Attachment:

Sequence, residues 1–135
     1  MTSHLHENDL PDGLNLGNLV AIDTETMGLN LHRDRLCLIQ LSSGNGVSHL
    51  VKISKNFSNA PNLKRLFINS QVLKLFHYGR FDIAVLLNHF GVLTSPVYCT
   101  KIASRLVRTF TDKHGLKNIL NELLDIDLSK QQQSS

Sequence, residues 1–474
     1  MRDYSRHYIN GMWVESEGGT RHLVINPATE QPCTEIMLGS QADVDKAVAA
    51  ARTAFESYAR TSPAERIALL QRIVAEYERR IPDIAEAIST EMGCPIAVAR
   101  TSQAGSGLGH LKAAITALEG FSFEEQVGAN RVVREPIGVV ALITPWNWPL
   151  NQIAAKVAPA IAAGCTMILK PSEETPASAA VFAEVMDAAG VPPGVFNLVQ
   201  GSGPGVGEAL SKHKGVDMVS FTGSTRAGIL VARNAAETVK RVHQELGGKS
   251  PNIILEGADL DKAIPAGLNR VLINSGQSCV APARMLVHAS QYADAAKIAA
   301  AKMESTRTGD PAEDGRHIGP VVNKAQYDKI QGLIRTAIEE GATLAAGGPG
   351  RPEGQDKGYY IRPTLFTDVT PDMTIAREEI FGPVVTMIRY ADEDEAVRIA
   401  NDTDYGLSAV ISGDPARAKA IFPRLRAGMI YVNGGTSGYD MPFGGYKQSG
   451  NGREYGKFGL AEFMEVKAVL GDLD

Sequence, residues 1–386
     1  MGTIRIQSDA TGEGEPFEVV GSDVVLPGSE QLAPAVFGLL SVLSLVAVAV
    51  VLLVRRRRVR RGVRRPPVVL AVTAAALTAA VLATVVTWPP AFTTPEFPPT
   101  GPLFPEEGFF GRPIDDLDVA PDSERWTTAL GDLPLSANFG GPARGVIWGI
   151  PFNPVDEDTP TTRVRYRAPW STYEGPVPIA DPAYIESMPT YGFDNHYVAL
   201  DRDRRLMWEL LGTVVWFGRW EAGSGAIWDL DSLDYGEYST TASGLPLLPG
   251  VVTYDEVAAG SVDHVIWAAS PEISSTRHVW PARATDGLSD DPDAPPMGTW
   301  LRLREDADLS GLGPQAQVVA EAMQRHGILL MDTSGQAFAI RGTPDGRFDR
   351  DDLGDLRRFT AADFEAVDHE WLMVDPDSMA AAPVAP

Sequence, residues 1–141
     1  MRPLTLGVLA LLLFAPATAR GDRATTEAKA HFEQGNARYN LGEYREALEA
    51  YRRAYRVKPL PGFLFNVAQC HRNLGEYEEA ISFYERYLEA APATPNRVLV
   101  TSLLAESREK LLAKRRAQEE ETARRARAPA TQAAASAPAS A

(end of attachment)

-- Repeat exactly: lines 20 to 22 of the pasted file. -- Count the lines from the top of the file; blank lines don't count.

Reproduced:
   151  PFNPVDEDTP TTRVRYRAPW STYEGPVPIA DPAYIESMPT YGFDNHYVAL
   201  DRDRRLMWEL LGTVVWFGRW EAGSGAIWDL DSLDYGEYST TASGLPLLPG
   251  VVTYDEVAAG SVDHVIWAAS PEISSTRHVW PARATDGLSD DPDAPPMGTW